Apr 18, 2011

Making a fortune in Myanmar

European companies operating in Myanmar face all sorts of pitfalls - pressure from their governments, campaigns by activists, boycotts by customers. So why do so many continue to work there?

Companies exist to make money, and there are plenty of opportunities to turn a profit in Myanmar.

But the US and several other nations have squeezed most of their firms out of Myanmar by maintaining tough sanctions.

Europe has imposed arms embargoes, asset freezes, import bans and penalties for companies knowingly supporting military activity or repression.

But there is no blanket ban on firms investing in the country - so travel agents, insurance firms, haulage companies, energy firms and telecom conglomerates can continue to work there.

In fact, doing business with the junta is "not so different from most other places", according to one Western executive who has worked with the generals.

"They speak English, so there were no language problems. But they refused to use e-mail, so all contact was by fax, or face-to-face - which could make things a little bit tricky," said the executive, who spoke on condition of anonymity.

"I think now they are more comfortable with using telephones."

Coy companies

Other Western workers say dealing with the junta became more difficult when they moved their capital city from Yangon to NayPyiTaw, a new town carved out of the countryside in 2006.

"It's an administrative town, built on paddy fields, and the ministries are quite spread out," said a European with experience of working in the capital.

Despite living in a country with vast natural resources, most Myanmar people are chronically poor "Only now are there signs of any commercial activity - hotels and shops are opening, and civil servants are just starting to bring their families to the town from Yangon."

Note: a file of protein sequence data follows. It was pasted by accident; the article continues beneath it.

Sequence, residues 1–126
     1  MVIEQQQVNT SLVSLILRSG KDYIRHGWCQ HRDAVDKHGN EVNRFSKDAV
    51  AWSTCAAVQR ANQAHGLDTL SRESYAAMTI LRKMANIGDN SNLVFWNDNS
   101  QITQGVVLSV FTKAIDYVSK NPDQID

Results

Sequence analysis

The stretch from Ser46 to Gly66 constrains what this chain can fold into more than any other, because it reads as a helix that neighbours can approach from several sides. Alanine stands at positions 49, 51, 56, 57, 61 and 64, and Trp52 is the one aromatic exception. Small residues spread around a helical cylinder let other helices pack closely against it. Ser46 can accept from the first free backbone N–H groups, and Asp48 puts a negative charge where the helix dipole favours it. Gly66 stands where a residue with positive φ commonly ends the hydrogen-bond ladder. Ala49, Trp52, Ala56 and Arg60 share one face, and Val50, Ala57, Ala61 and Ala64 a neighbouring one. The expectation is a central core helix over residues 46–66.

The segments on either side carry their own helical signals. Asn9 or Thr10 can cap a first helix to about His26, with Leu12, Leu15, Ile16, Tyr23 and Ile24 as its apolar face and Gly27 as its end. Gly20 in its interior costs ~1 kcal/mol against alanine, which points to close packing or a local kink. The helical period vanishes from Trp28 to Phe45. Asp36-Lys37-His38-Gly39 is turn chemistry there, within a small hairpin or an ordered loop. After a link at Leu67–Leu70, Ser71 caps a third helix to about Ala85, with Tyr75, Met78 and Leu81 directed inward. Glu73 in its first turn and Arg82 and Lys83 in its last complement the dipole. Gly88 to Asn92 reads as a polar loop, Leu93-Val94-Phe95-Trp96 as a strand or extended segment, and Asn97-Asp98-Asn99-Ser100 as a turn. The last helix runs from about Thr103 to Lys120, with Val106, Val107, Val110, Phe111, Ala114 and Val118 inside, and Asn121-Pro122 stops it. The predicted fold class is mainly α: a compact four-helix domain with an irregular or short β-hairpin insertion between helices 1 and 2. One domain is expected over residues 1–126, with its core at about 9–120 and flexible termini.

Western businessmen paint a picture of relative normality in Myanmar, yet few companies will speak openly about their dealings with the junta.

Insurance firms such as Catlin and Atrium Underwriting, which were accused in a 2008 report by Burma Campaign UK of funding repression, refused to make any comment.

German insurance firm Hannover Re confirmed it continued to work in Myanmar, spokeswoman Gabriele Handrick arguing that insurance would help the whole country in times of need.

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Everyone I spoke to during my visits urged us to keep sending tourists”
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Nick Laing

Steppes Travel
But she added: "We acknowledge that it is questionable whether, in a dictatorial regime, these funds filter through to those who are most in need."

French telecom giant Alcatel-Lucent helped to build a communications network in Myanmar with Chinese government money, and in a statement on its website rebuffs reports that it provided surveillance equipment to the junta.

A spokesman confirmed Alcatel continued to work in Myanmar, but gave no further details.

Local benefits?

Dozens of travel agencies across Europe offer holidays in Myanmar, but few will speak of their work in the country.